You have assigned me my portion of my comp now that word portion could mean a number of things that can had to do with his inheritance in the land portion of the land given to him Arctic and had to do with that provisions. What we would call a daily ration since it's linked with the work comp and the person since the matter of inheritance comes in in the next verse is probably right to take it in that second sense what he's talking about here is God's provision of his needs. Daily ration of food is what we pray for mentioned in the Lord's prayer when we say. Give us this day our daily bread. That's exactly the same thing. And here's David testifying to the fact that God is done that for me is always provided for in day by day and every aspect of life in every period of life and all kinds of circumstances. God is provided for and what he really needed the apostle Paul says that as well. He's learned whatever steady is to be content because he knows that God supplies his needs and he says I'm confident that God will supply your needs as well. Thickening mentions as being secure. You made my lot secure again. That word lot can be used in several ways. It really means as the lot is cast.

That's the way the land was distributed so it could refer to the inheritance comes later.

But since it's in a separate person, since inheritances mentioned later. You probably should take it in another way, just as you do the first part of what he probably means is my circumstances in life.

That is what you measured out for me where I am a YM kind of job. I have where I live. All of the little details ago in the making up our lives. He says you made my lot secure and I'm content where you put me makes it even more explicit in verse six, the boundary lines have fallen for me in pleasant places and I have a delightful inheritance. What impresses me most. There is how contented he is with what God's given you might say all young, but I was David he was the king had a lot all this and if you think that way you don't understand the heart of men and women.

It's not how much you have that makes your content to your content that enables you to use properly what you have. I find generally that the more people have the less content they are and we live in a generation that is characterized by a lack of contentment.

Some time ago somebody gave me books I really should read it by a man named Mike Belli is a pastor in Texas and it's about baby boom believers ever heard a baby boom believers the baby boomers or yuppies were also Christians as little subtitle subtitle is why we think we need it all and how to survive when we don't get it.

You're laughing you to read it. He talks about our lack of contentment in our time thing a mark, especially of what he calls the baby boomer generation of the upper generation, and he says this baby boomers are not very content because her expectations are so much higher than the reality we tend to be discontent, restless and bored nodding.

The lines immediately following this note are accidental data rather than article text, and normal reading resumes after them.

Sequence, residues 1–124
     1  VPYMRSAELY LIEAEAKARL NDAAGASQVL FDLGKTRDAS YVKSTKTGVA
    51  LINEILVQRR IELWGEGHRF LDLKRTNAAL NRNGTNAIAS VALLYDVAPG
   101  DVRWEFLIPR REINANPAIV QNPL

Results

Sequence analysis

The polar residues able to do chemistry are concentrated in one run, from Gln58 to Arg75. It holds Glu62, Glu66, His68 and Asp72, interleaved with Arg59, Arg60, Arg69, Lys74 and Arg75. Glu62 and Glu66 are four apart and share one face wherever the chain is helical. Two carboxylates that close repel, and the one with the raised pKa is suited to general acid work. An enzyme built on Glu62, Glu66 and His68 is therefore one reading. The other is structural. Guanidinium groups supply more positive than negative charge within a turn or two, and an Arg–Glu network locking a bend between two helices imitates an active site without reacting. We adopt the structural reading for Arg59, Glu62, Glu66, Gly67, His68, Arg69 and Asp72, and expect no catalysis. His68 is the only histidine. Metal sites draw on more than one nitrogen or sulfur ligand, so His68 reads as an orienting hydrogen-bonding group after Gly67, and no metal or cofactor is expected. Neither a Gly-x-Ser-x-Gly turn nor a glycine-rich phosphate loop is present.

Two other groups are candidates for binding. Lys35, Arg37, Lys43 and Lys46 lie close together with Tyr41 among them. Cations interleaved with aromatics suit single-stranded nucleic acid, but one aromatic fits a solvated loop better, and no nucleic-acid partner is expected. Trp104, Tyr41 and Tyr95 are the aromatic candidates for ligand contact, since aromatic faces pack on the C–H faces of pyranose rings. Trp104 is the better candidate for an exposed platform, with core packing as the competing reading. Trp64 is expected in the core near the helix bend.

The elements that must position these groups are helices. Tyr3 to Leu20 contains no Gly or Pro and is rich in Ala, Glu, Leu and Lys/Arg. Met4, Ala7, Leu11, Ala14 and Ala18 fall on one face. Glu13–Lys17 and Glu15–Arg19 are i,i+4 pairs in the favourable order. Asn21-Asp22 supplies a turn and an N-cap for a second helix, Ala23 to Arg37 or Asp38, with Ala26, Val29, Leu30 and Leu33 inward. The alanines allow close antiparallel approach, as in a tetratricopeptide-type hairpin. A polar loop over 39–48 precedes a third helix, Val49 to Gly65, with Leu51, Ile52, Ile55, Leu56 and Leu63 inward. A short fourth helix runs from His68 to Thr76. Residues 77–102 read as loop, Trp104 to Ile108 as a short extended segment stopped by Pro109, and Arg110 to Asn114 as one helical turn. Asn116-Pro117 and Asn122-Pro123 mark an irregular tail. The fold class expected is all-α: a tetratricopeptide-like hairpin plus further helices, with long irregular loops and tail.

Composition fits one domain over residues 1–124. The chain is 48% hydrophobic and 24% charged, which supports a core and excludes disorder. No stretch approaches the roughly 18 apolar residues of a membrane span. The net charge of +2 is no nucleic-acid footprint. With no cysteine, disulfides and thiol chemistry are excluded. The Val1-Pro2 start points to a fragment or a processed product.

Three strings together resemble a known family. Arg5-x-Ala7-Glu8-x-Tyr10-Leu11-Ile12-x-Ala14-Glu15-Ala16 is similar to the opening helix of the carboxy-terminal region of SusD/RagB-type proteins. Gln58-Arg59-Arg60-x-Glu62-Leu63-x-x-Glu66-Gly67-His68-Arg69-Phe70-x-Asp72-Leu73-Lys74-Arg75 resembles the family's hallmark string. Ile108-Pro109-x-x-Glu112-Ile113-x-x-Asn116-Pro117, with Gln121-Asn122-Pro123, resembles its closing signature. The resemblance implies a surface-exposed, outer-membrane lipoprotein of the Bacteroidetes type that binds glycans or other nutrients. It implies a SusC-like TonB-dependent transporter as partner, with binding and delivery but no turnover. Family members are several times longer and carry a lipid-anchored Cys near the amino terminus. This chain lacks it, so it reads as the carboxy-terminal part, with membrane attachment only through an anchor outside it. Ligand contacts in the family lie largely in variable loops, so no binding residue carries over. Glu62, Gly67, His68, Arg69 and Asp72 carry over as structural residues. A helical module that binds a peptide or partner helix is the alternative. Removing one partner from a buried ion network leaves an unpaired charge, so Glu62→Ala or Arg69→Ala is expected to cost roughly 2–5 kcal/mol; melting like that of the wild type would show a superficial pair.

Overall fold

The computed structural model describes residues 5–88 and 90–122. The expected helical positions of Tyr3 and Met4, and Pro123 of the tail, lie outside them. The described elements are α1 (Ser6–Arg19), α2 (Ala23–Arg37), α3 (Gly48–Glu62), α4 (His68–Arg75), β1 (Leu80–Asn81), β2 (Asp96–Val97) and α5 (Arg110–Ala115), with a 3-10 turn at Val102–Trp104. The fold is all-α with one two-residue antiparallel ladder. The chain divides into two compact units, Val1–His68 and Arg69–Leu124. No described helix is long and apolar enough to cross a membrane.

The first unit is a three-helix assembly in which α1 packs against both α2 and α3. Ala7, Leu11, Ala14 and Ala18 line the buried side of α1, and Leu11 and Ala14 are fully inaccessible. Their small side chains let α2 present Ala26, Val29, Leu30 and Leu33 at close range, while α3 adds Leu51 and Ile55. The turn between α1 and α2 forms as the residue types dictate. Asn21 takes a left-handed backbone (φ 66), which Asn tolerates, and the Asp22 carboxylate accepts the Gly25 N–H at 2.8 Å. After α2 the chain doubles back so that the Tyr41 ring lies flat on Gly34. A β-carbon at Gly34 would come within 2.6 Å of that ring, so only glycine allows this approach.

That's exactly what it's like we know people about us all the time that are like that and often were like that ourselves discontent, restless and bored with the QR prolapse.

More things. All people are trying that we are more things in our generation than any other time the juror for restlessness and discontentment is not more things, but God. You know what Augustine said made us for yourself, and our hearts are restless until they find their rest in the somebody else's said goddess putting God sized vacuum in our soul and nothing but God can fill it. You can pour things and let God sized vacuum throughout entire life of acquisition than when you're done you're still going to be restless and unhappy because what you need is God.

David found God. He started that way. Oh God, I take refuge in you, I say to the Lord, you are my Lord.

Apart from you. I have no good thing, and since he had gone he and all good things when he comes to the end. All I can say is, how happy is how God is good to him and how contented he is a God's goodness, we need to learn that in our time. Christians would be far more effective in their witness if they were really happy in their faith really content in God. You and I need to get to know him better so we can do that but we come to the fourth part and here's the part that deals with the resurrection. David is looking ahead now to the future. Getting to reflect on his past experience and what it has to say for death and what lies beyond death that he says you will not abandon me to the grave. You will not let your holy one see decay worthwhile question I suppose is whether in a Psalm in which he is writing out of his own experience and, presumably, is writing about himself and his own expectations. Whether a song like that David could really actually be looking ahead to the Messiah does seem to say that you won't let your holy one see decay.

But after all that is a little thing stuck in there in the middle of a Psalm and seemed to do primarily with him.

I suppose if I had the boat I would say yes he was thinking of the Messiah. That's why he uses the term, but it doesn't necessarily have to be that way.